China's Supreme People's Court: Special and Priority Protection of the Legitimate Rights and Interests of Underage Girls in Accordance with the Law 中国最高人民法院:依法特殊, 优先保护未成年女性合法权益
MARCH 30, 2021
Dui Hua was proud to host the final webinar of the International Symposium of Girls in Conflict with the Law where we heard directly from two members of the Supreme People’s Court in China about issues of girl’s justice and current legislation in China. The event represented a landmark for Dui Hua and the Symposium, underlining the importance of knowledge exchange between nations on issues that transcend borders.
Dr. Jiang Jihai (江继海), Director of Juvenile Offender Office of Research Office of SPC (中国最高人民法院少年审判指导工作处处长) and Ms. Dai Qiuying (代秋影), Director of Center for the Protection of Minors of Applied Law Research Institute (中国最高人民法院中国应用法学研究所刑事行政审判研究部主任, 副研究员) discussed the number of girls tried, causal factors, types of crimes, and the SPC approach to handling crimes in accordance with the rule of law. Moderated by: John Kamm (康原), Founder and Executive Director – The Dui Hua Foundation (中美对话基金会执行董事)
Dr. Jiang shared statistics about the convicted number of girl offenders for 2018, 20019 and 2020 as well as the percentage of convicted minor offenders that were female for each of those years. In speaking about the Chinese legal approach to girl offenders, Dr. Jiang stated
“We are committed to the policy of focusing on education and improving, as far as rehabilitation. And we try to educate them first and punish them as a second principle. If we want to achieve real protection (for girls) we cannot just deliver a fair judicial judgment. In fact, the work is extended well beyond the federal conviction. For example, our post‑trial follow‑up assistance and education is also very important. We offer a many types of court assistance, intervention, as well as educational assistance. These are all a natural extension of our juvenile justice work.”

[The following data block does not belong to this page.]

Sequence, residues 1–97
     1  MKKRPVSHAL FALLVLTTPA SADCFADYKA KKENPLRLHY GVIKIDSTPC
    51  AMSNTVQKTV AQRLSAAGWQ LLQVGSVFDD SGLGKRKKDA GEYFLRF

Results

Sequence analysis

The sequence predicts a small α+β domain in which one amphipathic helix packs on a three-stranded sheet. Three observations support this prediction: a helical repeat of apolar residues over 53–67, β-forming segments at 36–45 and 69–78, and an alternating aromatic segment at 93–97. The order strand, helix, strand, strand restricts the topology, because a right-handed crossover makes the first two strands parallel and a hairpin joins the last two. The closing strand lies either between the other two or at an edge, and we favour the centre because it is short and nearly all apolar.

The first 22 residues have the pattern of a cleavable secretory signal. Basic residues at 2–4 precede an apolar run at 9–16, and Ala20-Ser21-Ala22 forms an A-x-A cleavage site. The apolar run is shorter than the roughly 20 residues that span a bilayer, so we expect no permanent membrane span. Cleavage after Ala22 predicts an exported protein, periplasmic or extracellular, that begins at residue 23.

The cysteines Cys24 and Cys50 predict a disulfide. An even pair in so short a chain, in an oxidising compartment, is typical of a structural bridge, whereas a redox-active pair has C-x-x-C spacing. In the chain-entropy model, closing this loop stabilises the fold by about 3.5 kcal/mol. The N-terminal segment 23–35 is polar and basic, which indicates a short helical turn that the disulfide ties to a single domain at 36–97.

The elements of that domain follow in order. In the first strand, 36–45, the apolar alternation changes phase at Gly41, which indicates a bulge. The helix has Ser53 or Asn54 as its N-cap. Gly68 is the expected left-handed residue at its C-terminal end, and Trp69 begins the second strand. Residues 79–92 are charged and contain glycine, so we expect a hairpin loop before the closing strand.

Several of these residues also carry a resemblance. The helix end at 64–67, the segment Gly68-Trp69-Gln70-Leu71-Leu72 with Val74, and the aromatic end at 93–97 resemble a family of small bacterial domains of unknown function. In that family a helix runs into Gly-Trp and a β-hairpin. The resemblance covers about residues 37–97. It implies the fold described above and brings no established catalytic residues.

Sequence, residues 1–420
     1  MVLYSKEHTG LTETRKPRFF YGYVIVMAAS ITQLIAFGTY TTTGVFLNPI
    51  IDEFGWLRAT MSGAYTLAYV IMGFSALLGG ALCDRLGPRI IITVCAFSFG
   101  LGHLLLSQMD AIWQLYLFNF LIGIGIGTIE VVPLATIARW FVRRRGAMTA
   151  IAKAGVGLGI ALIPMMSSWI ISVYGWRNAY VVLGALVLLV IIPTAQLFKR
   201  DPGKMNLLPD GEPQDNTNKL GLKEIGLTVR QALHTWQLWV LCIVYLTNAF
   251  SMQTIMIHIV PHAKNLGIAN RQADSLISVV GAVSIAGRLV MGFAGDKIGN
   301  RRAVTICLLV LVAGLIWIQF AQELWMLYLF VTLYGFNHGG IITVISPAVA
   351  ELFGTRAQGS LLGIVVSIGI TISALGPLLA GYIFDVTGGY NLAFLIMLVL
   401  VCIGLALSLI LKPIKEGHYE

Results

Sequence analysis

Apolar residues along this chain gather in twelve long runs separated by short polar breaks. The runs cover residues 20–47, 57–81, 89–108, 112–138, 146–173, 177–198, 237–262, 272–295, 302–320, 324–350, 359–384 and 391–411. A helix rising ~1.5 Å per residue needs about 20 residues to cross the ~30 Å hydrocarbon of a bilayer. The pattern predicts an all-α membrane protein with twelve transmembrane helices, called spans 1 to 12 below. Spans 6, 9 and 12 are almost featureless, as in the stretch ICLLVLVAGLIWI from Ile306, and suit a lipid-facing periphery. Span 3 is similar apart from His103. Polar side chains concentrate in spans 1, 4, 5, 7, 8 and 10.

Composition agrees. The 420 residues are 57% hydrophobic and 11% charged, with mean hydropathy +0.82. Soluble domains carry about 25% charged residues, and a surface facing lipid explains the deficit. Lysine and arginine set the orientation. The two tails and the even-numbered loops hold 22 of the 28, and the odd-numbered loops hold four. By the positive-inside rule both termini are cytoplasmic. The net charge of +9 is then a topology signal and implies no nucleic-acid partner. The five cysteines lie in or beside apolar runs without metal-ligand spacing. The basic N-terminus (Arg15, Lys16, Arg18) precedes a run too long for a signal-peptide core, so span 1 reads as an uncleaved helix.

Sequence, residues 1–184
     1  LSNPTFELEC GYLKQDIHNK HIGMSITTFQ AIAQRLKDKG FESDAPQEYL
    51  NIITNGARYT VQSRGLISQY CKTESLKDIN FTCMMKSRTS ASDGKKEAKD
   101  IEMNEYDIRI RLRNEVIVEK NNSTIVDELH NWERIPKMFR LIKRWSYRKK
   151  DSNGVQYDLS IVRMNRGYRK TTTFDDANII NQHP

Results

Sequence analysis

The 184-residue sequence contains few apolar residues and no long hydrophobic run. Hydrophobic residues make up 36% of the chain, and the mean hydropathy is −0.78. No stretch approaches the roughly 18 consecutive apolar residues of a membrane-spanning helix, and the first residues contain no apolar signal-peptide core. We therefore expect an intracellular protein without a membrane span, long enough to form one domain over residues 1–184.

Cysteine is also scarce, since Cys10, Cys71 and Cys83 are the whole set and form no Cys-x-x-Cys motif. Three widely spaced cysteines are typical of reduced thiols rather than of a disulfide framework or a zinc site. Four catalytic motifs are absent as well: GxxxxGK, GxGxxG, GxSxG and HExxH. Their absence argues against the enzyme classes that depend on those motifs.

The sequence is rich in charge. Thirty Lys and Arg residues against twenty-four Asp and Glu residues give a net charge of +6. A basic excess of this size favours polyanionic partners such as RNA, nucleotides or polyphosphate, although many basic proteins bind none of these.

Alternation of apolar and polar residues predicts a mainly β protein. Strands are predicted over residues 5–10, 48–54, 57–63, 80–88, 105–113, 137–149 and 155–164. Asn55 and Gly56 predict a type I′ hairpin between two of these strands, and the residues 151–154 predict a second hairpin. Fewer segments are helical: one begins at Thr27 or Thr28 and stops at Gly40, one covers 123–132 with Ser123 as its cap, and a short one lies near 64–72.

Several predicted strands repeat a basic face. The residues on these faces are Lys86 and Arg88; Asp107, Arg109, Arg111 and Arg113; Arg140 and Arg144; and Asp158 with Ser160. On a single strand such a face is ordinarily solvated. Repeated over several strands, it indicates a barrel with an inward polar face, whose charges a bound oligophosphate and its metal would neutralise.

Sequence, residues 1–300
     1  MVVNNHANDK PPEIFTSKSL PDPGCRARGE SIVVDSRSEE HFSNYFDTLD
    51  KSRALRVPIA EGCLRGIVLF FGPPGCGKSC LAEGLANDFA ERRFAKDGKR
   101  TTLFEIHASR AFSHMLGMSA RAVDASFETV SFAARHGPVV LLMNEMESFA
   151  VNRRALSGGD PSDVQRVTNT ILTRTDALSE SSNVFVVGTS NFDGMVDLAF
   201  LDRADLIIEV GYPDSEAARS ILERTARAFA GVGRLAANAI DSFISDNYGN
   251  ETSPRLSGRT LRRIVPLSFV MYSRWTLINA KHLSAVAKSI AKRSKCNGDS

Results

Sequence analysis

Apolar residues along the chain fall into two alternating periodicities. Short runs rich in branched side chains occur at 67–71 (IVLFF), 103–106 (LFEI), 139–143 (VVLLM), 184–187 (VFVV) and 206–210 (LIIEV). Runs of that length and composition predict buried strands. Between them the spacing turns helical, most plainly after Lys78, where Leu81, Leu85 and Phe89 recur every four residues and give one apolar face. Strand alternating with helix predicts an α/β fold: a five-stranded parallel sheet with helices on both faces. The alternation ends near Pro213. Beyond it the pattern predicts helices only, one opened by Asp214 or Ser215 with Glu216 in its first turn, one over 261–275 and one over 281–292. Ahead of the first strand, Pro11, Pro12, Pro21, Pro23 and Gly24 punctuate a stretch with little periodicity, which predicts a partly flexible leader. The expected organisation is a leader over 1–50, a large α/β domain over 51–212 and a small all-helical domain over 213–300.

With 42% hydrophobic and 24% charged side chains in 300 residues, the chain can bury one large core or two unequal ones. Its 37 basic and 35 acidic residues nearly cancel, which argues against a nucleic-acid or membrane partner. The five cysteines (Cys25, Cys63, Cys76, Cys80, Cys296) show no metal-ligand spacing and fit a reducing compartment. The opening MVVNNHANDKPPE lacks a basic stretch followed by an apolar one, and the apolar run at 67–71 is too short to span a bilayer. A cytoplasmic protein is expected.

Ms. Dai spoke about the causal factor for girls commiting crimes in China and what the judges of the Supreme People’s Court consider in ruling and sentencing girl offenders. Ms. Dai said
“In our actual traditional practice we tend to combine the effects, evidence, social investigation and individual interviews in our efforts to help minors. We consider the possibility of the recidivism of a minor offender, their motive, and we also we put into place the criminal policy of rehabilitation through education. This will give them diminished or an attenuated course of punishment on the basis of the proper application of laws in our conviction and sentencing.”
The presentation was very informative, a great show of cooperation on the serious issue of girls in conflict with the law and a strong finish to the Symposium.